How to find out where exactly the packet is being lost

It’s a pretty common occurrence when you have 2 hosts pinging each other and some packets are being lost. And sometimes you need to make sure, that the routing device in between of these host really receives a request, forwards this request to the target, receives the reply and forwards it back to the request’s initiator. If you’re lucky enough to run tcpdump on this intermediate device (if it runs some Unix-like OS, e.g. Linux or FreeBSD), you can wrap it to the script that will analyze each transit packet to find out what exactly is going wrong.

If you watch the tcpdump output with the naked eye, you’ll see the following pattern:

…which repeats…

…and repeats…

And if you look carefully to this pattern, you’ll see that there are 4 obvious phases.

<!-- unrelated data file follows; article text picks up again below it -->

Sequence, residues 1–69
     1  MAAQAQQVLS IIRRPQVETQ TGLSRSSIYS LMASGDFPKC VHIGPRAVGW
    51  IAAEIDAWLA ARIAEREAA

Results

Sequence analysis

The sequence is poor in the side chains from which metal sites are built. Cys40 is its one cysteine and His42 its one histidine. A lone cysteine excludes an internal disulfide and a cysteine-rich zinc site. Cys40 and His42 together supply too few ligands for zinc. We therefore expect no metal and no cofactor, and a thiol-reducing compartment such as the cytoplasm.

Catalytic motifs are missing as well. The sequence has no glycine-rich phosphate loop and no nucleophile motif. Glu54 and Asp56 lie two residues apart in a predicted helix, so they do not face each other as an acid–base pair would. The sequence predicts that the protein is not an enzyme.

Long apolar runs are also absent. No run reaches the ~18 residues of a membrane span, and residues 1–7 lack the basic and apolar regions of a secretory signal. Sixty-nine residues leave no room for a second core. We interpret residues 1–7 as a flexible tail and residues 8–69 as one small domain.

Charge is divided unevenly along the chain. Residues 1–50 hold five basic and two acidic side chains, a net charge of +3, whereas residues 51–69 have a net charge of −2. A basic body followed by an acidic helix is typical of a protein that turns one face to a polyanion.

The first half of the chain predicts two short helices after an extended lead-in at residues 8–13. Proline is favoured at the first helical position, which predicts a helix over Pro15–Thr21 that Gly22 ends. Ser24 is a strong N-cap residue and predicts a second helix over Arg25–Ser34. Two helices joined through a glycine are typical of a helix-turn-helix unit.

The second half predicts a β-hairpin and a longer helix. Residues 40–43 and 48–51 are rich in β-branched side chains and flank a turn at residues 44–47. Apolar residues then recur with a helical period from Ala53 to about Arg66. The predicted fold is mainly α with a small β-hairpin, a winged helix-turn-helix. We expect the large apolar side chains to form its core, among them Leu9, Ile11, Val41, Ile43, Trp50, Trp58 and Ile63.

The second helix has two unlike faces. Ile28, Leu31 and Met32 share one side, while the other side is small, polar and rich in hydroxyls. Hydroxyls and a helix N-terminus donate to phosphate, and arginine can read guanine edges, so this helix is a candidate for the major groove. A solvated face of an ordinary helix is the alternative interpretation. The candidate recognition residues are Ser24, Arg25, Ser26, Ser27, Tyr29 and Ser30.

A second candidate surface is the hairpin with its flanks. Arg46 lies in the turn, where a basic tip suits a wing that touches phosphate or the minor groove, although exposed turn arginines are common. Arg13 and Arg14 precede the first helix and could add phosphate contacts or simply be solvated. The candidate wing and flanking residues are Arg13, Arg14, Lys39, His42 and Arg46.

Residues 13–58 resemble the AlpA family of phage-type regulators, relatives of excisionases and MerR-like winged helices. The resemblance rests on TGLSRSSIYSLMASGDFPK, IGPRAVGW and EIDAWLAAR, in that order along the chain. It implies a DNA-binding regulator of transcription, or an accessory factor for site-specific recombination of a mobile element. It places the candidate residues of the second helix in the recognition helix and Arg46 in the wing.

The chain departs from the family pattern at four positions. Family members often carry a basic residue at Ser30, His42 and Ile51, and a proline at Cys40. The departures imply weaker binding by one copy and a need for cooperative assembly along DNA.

A request came:

The request gone:

The reply came:

The reply gone:

So you can sit and watch the packets being received and transmitted, but it can be really boring, so you can run the following script:

It reads the output of tcpdump and prints an alert message when the usual pattern gets broken. When some request or some reply is absent or the seq-number is unexpected, it will print something like that:

The latest version is available at GitHub: https://gist.github.com/anonymous/2e8b6883c93326de280124c077424cc6.

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